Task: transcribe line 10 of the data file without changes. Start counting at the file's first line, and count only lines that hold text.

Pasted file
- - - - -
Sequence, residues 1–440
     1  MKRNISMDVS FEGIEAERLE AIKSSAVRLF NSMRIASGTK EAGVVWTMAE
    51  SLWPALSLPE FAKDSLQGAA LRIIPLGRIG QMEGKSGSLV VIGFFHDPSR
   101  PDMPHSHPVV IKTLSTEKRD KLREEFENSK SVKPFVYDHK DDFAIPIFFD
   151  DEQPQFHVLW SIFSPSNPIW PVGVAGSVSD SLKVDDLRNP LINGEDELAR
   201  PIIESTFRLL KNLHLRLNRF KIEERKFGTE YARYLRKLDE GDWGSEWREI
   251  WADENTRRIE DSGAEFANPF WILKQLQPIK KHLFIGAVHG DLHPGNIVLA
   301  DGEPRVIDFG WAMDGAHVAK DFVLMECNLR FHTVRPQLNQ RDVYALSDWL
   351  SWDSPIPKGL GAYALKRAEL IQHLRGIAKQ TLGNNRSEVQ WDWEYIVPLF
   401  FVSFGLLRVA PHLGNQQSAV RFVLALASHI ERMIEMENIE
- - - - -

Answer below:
   401  FVSFGLLRVA PHLGNQQSAV RFVLALASHI ERMIEMENIE